Love was overflowing for the Kern River Tuesday at the State Water Resources Control Board’s monthly meeting.
A slew of Bakersfield locals told board members how much an actual, wet river means for residents.
Speakers asked board members to make the Kern a priority and finally allocate unappropriated water on the river that has been in limbo at the board for the past 10 years.
The Kern River wasn’t on Tuesday’s agenda, but residents used the public statement portion of the meeting to grab the board’s collective ear.
“This is a matter of social justice,” said Bakersfield teacher and writer Kelly Damian. “The Kern River through town is wide and easily accessible.”
When it has water, Damian said, she takes her children to the Kern where she’s seen multilingual families, families with disabled children, rafters and waders all enjoying the water, connecting with nature and each other.
“It’s an equal opportunity playground for everyone.”
But water is the key to unlocking that playground.
And, except in rare circumstances, the Kern River through Bakersfield is typically dry.
“The people in Kern County work hard for this state,” Damian continued. “We work in the fields, we pump the oil, we drive the trucks up and down this state and we even soak up pollution from the coastal areas. You’re welcome for that, by the way.
“The people here deserve to have their river back.”
Damian was one of seven speakers who are part of a movement to bring back the Kern River. The movement started this summer as a small, change.org petition seeking water in the river.
Since then, the effort has grown in strength and focus.
The petition, which had more than 3,500 signatures as of Tuesday morning, was sent to all the state Water Board members as well as Gov. Gavin Newsom, California Natural Resources Secretary Wade Crowfoot, California Secretary for Environmental Protection, and the chairs of the Senate and Assembly committees on water.
He told Water Board members Tuesday that this is just the beginning.
“We are not going away and we’re not going silent,” he said in his statement. “We will continue to build support from within and outside our community for the cause of bringing back the Kern.
“If Mono Lake can be saved, the Owens can be restored, and the San Joaquin can flow again, we will bring back the Kern.”
The petition points to three areas where backers believe the Water Board could use its authority to wet the riverbed through Bakersfield:
- Issue a permit to the City of Bakersfield for 50,000 acre feet of water that was declared unappropriated by the board in 2010. In its application for that water Bakersfield promised to run it down the river, which could be made a part of the board’s permit.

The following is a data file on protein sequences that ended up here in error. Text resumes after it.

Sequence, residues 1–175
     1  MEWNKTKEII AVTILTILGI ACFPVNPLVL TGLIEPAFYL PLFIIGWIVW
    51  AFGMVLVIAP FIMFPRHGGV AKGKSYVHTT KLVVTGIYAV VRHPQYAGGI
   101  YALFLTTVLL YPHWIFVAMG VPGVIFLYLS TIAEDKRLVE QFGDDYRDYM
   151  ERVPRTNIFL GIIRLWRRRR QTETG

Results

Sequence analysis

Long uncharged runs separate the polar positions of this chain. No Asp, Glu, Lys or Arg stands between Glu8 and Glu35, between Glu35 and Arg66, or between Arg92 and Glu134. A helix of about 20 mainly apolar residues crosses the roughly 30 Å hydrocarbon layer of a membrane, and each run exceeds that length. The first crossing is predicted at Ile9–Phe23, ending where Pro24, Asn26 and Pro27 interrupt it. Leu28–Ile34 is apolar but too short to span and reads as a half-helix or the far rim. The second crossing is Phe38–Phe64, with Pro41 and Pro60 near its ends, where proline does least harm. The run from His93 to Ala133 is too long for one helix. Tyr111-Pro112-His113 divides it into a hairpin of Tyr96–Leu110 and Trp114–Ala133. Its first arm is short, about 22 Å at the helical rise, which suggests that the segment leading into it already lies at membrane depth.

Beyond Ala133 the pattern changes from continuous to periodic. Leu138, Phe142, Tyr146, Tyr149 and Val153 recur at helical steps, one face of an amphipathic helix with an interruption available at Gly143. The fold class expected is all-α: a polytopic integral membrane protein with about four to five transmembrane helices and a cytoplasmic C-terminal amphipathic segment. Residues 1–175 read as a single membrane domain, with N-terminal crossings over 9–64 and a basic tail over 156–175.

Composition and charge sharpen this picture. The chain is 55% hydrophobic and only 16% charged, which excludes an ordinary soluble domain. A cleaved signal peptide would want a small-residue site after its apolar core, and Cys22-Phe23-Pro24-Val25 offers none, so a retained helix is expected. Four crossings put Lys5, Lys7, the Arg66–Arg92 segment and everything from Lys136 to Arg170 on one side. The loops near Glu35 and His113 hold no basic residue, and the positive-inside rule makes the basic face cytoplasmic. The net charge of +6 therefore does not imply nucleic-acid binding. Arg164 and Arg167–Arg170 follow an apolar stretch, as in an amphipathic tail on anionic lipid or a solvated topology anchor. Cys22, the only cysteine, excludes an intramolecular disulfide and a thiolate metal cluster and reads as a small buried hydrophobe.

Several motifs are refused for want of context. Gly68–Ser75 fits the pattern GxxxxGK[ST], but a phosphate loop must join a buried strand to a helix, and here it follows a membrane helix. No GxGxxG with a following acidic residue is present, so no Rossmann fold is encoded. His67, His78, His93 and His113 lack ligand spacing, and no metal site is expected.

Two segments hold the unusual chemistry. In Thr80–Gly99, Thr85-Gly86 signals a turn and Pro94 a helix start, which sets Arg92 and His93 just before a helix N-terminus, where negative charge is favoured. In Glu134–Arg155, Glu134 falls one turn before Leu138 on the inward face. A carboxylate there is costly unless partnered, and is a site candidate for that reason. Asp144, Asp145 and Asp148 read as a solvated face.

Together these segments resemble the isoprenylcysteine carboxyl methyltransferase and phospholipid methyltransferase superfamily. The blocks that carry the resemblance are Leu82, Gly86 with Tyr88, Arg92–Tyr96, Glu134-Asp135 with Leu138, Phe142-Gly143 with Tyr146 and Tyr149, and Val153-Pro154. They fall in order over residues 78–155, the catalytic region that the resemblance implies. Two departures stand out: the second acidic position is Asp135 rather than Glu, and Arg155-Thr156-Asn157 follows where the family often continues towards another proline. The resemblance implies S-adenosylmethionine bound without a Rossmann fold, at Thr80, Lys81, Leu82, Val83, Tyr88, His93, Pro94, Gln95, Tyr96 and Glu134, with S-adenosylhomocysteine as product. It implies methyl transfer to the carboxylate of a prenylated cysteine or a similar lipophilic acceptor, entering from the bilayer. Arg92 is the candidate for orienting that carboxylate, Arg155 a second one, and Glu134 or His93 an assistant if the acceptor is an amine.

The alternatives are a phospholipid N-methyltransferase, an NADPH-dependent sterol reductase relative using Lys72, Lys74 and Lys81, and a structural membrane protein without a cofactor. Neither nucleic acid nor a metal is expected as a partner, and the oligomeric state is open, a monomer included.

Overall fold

- Pressure the Kern County Water Agency to use a series of wells that the agency built using Proposition 13 money (the water bond from 2000, not the property tax measure from 1978).The agency said it would use those wells to provide a river at least from Manor Street to the Stockdale Highway bridge. But, in 20 years, the wells have never been used for that purpose.
- Declare that running water down the Kern River is a “beneficial use” of Bakersfield’s river supplies. This is specific to a pot of Kern River water the city owns but sold under long term contracts to local ag water districts. Those contracts were up in 2012 and the city announced it would put that water down the river. One district sued under an extension clause in the contract that said the city had to keep selling available water unless it had a “project and use” for the water. The court found that running it down the river, even for recharge, was not a project and use.
That last bullet point about “beneficial use” could be tricky.
Assemblyman Joaquin Arambula (D-Fresno) has tried twice to have groundwater recharge declared a beneficial use with no luck.
In fact, it was the state Water Board itself that cautioned against creating a blanket beneficial use designation for recharged groundwater as doing so could alter water rights.
How the Water Board handles groundwater recharge permitting, particularly in big water years, has become even stickier as more water districts are looking at recharge to comply with the state’s new groundwater sustainability law.
Meanwhile, there are no hearings or pending actions listed on the Water Board’s Kern River page.
Despite those, and other, hurdles, Yates and his compatriots have vowed to keep pushing against what they called the “environmental injustice” of a dry Kern River.
“A generation of people has come and gone waiting for the river to return,” Yates told the board on Tuesday. “It’s time to put the Kern River back on the Board’s agenda and to make the decisions the board has been delaying for over a decade.
“You owe it to this mighty river and to the people of Bakersfield.”